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November 17, 2001

* Rushdie & Hitler

All I ask is why? Why put Salman Rushdie on the cover of The Iranian online magazine? ["A good person"] I don't think this magazine should tailor to anyone's preferences, but this looks like a purpose provocation of emotions. It is disturbing,as Rushdie is.

Rushdie can be classified as one of the several confused immigrants from Asia. His family didn't leave for Pakistan when the nation was formed from India. After his first visit to the United Kingdom, he came to the conclusion that he obviously enjoyed the UK more than India (possibly the food, atmosphere, people, etc.).

He decided to emigrate to the UK. This was his first step in creating his "independence" from what he was. His second step was Midnight's Children where in assessing the first years after the split, he slanders both Gandhi and Nehru, the founders of the modern state of India. His second step was removing previous links to his religious past. For this, he wrote the book The Satanic Verses.

Regardless of his literary abilities, he is of a specific lot of writers over the ages who have renounced their past in order to be viewed as acceptable in their new surroundings.

Most, if not all, Jews have a problem with the work Mein Kampf because of its demonization of Jews and its negative tone toward Jewish people and their religion. Though all Iranians are not Muslims, the vast majority are, and it makes just as much sense in putting Mein Kampf or any other one of Hitler's works as the cover story of a Jewish magazine as it does putting Mr. Rushdie's new book on the cover of The Iranian.

I would honestly consider the appropriateness of some cover stories before posting them on this website.


Arya Abedin

Editor: Emphasis and bold lettering by author.

* Fumigation

From Shahriar Zangeneh's piece, "The R-word"

"... the West should complete the fumigation of the region and in the process earn an eternally grateful ally"!

Commentary anyone?

K. Maghsoodi

* Is speaking up un-American?

I read your response ["How can you bear it?"] to my playful article titled "Under bright lights"]. I don't see the connection between my article and your enumeration of life amenities such as "realization of dreams, sending our kids to college, buying a house, reaching the top of our profession", etc.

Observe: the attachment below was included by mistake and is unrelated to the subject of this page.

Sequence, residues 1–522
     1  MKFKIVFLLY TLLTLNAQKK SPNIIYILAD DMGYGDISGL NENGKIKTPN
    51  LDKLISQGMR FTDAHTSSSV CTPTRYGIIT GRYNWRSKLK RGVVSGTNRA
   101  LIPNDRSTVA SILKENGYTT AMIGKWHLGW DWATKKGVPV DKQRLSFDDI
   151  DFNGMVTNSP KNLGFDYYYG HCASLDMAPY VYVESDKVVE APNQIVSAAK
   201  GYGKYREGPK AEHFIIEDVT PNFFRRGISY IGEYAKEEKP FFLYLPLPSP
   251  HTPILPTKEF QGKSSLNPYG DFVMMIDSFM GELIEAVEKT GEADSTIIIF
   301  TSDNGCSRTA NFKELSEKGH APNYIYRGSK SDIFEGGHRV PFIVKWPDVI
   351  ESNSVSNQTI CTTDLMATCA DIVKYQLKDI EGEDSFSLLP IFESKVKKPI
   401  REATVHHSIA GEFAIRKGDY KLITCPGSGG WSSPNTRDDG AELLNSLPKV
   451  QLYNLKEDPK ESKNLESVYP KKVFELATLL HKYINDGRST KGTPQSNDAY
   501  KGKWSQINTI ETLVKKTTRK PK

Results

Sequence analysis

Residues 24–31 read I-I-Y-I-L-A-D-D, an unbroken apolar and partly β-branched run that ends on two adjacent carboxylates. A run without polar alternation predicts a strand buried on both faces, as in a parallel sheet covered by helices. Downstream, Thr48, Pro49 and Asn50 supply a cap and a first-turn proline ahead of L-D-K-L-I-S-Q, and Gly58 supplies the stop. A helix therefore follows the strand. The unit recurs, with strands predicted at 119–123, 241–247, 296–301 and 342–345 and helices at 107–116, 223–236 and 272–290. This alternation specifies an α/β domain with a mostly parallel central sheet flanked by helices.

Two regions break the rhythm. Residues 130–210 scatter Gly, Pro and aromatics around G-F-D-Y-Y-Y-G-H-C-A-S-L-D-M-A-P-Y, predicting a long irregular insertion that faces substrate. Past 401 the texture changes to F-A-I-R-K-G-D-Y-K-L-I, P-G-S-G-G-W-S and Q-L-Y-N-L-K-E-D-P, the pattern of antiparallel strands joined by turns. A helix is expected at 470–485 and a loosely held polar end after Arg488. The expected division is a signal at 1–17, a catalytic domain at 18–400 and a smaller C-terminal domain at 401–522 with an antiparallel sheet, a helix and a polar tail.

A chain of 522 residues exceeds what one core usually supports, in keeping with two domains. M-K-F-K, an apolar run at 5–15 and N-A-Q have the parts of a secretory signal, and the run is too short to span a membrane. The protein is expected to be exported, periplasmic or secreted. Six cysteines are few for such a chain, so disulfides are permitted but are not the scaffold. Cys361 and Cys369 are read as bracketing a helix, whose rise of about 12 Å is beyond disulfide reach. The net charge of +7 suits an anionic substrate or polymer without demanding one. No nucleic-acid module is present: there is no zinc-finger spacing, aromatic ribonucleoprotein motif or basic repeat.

I don't know about your background in Iran and your current means but I can assure you that I and a large number of Iranian expats can currently move back to Iran and create the same if not better economic means for themselves. But that's not what it's all about. The reason we've stayed here in the US and became naturalized citizens of this land, and proud Americans I might add, is largely the level of freedom we have enjoyed here and the equal protection that we've had under the laws of this land!

To suggest that speaking up against the current erosion of our social freedoms and the equal protection under the law, is somehow un-American and unappreciative is not only absurd but also dumb! How would you like to be stripped off your right to an open trial with a jury of 12 ordinary citizens and be judged secretly by a panel of military officers who could convict you with 2/3 of their votes?

Your comments group with the same bunch back in the 1970's who thought that speaking against the US involvement in the Vietnam war was un-American and reason for packing your bags and leaving! We know who the history is siding with on that one!

As for me, I plan to stay right where I am and participate in the political process as a freedom loving citizen. And I won't bring myself down to ask another freedom loving American to pack up and leave just because he or she disagrees with me!


Ben Bagheri

* Desperation father of wrong choices

Reply to "Correction":

It is not unusual for one generation to try and correct the mistakes of a previous generation. What would be unusual is if a generation can avoid making the same mistakes. That's when you know you've learned something.